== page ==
Decarbonisation efforts likely to trigger uneven job losses across UK

Decarbonisation efforts in the UK will have an uneven impact on different sectors across the country which could see some areas hit by large job losses, a report has found.

The Royal Society for Arts, Manufactures and Commerce (RSA) said that national and local governments should ensure that plans are in place to cushion workers affected by the “green jobs revolution”.

In particular, people working in fossil fuels and energy production, heavy industry and the vehicle manufacturing sectors are expected to be significantly impacted in the coming decades.

While areas like London and the South will not be heavily affected, as they have the lowest share of jobs in those sectors, jobs in the North, Midlands, Scotland and Wales will be more significantly impacted by the decarbonisation efforts. Furthermore, certain local areas heavily dependent on these sectors will be “acutely” affected, the RSA said.

Jobs in fossil fuel and energy production are most concentrated in local authorities across Scotland, the North and Midlands.

Some of these areas already have high renewable energy capacity, but in many areas workers may lack sufficient opportunities to transition into green jobs. Only half of the areas with the top 20 highest concentration of employment in these industries are in the government’s priority levelling-up category, the report said.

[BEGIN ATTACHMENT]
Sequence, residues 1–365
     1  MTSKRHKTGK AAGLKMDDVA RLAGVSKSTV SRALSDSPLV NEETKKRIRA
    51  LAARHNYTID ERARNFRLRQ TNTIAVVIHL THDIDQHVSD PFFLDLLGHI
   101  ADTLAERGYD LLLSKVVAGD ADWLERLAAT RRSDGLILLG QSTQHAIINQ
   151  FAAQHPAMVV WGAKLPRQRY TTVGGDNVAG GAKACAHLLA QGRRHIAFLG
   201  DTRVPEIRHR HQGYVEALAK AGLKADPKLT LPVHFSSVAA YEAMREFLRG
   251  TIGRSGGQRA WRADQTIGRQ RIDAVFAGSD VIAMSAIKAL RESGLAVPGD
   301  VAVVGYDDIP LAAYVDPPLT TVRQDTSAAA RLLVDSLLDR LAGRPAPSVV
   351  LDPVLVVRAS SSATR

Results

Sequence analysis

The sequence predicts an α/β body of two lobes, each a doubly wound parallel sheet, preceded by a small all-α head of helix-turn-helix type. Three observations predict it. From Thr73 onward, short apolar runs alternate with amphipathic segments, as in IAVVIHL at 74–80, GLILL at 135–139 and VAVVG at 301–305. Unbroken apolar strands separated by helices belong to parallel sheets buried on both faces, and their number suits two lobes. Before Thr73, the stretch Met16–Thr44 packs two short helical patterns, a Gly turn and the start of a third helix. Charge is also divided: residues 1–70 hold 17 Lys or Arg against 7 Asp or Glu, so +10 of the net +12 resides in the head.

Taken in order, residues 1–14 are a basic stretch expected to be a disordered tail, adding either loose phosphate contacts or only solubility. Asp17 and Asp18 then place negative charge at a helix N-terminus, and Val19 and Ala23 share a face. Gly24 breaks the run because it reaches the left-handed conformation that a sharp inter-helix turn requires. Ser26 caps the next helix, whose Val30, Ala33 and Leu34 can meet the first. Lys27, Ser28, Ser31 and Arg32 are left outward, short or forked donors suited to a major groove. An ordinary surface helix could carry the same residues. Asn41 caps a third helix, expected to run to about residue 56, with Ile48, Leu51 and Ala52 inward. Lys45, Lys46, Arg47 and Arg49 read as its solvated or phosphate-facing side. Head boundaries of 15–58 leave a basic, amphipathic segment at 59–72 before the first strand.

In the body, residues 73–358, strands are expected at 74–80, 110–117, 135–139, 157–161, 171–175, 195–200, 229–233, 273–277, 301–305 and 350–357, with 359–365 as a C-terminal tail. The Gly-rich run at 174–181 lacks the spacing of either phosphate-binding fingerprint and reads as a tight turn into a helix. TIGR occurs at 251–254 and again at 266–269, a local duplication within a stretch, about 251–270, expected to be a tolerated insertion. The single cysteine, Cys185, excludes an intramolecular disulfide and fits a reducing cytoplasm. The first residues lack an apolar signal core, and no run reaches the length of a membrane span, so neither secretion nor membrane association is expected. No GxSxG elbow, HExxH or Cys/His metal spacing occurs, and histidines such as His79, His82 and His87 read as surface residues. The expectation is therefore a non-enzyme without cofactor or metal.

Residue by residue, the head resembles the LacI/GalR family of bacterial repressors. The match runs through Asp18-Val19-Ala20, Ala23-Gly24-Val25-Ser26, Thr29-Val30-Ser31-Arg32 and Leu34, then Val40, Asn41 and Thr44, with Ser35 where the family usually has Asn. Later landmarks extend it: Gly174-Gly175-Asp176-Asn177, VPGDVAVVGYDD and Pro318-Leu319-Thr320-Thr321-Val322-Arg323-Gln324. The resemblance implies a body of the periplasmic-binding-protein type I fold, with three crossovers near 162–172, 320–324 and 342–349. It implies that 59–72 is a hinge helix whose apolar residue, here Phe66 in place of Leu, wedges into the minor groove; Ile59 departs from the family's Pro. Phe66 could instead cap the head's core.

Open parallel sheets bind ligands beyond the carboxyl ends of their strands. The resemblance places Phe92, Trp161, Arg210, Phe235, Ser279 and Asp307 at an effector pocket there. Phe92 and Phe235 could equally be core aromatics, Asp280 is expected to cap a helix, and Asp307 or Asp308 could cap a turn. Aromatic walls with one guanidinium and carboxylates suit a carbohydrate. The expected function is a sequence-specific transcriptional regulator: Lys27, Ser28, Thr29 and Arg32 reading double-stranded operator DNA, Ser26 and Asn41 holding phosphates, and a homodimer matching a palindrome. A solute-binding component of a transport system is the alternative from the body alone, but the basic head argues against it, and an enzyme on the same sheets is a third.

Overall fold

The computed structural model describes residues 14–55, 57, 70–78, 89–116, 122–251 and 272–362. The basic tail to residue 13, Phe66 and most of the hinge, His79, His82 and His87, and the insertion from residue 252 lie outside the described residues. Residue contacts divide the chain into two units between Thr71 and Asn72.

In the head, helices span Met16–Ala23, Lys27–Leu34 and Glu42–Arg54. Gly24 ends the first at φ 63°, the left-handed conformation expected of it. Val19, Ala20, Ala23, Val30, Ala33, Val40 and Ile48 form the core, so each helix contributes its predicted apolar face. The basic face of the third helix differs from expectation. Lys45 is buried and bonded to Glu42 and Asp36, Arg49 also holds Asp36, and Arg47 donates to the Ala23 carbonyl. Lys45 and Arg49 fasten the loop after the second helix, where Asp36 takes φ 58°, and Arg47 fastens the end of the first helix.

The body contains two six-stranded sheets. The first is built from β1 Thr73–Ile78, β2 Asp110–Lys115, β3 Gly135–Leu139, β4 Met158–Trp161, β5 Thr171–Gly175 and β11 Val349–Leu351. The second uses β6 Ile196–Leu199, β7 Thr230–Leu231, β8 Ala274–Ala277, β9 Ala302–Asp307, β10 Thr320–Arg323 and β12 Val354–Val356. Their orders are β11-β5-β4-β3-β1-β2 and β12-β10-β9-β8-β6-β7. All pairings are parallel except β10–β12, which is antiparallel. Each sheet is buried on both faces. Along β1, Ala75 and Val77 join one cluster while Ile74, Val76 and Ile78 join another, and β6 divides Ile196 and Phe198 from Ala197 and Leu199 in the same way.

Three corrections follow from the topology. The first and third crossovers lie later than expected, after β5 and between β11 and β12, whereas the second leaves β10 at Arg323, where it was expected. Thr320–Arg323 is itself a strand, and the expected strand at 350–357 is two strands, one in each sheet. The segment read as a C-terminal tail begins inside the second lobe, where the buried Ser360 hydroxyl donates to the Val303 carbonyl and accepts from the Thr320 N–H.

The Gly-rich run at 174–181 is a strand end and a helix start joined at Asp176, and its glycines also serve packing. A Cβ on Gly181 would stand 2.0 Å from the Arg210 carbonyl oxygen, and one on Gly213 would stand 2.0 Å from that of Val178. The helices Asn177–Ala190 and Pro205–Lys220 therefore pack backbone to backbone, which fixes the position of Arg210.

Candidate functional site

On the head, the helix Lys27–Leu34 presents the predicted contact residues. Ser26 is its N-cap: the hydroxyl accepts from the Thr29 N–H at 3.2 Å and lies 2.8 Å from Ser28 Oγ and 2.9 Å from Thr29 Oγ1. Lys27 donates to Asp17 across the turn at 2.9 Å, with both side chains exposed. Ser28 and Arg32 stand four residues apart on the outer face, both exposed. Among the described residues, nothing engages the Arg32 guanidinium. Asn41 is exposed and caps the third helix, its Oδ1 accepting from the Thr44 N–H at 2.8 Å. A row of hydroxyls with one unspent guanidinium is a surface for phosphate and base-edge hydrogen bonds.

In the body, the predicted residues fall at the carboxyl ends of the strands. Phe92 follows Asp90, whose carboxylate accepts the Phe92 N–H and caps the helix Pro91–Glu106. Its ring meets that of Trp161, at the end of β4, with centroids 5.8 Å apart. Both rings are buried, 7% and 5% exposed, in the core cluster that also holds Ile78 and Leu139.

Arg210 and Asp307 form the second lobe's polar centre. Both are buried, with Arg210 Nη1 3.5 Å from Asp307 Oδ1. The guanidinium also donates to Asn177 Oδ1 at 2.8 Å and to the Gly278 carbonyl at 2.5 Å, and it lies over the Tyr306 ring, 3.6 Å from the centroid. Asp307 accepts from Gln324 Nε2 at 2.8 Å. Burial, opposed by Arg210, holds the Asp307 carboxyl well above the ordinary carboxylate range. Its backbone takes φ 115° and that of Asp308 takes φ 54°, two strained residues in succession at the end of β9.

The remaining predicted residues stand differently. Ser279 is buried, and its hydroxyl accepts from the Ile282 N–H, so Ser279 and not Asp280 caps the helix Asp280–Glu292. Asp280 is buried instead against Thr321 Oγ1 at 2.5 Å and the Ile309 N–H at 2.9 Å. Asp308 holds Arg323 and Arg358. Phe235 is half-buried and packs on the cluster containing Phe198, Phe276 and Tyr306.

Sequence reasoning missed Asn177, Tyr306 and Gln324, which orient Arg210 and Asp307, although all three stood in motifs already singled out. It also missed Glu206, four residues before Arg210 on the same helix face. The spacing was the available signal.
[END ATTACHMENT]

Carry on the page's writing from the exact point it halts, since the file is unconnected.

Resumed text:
Jobs in heavy industry are most concentrated in parts of Northern England, the Midlands and Wales.

These jobs could be impacted by shifts to a circular economy as well as whether uncertain new technologies – like carbon capture, utilisation and storage, and low-carbon hydrogen fuels – reach maturity in time. Only half of the top 20 areas are in the government’s priority levelling-up category.

Meanwhile, jobs in vehicle manufacturing are most concentrated in parts of the Midlands and Wales. These jobs will be impacted by changes in manufacturing processes which will require different skills and may be less labour intensive, as well as being affected by modal shifts in transport. Less than half of the top 20 areas are in the government’s levelling-up priority category.

“These challenges do not provide sufficient rationale to slow down the decarbonisation of the economy, but policy-makers must ensure that plans are in place so that workers in these areas are well-positioned to benefit from the green jobs revolution or find work in other growing sectors,” the RSA said.

It called on the government to create a transition fund to support local authorities with the highest share of employment in industries likely to be impacted by decarbonisation. The fund could be used to support green job creation or economic diversification.

Fabian Wallace-Stephens, senior researcher at the RSA, said: “Decarbonisation is essential and can lead to a better future for workers and communities, but only if the state takes an active role in shaping local labour markets through investment, skills training and better welfare support.

“At present, many of the areas where the impacts will be most acutely felt are not in the priority categories for levelling-up funding. We need to make sure that decarbonisation policy and levelling-up policy work hand-in-hand to secure a better future for the most affected communities.”

Gary Smith, general secretary, GMB union, said: “Government must set up a 'Renewables Development Authority' to grow the skills and facilities for a UK supply chain for the massive investment required for net zero. This can help alleviate the job losses identified elsewhere.”

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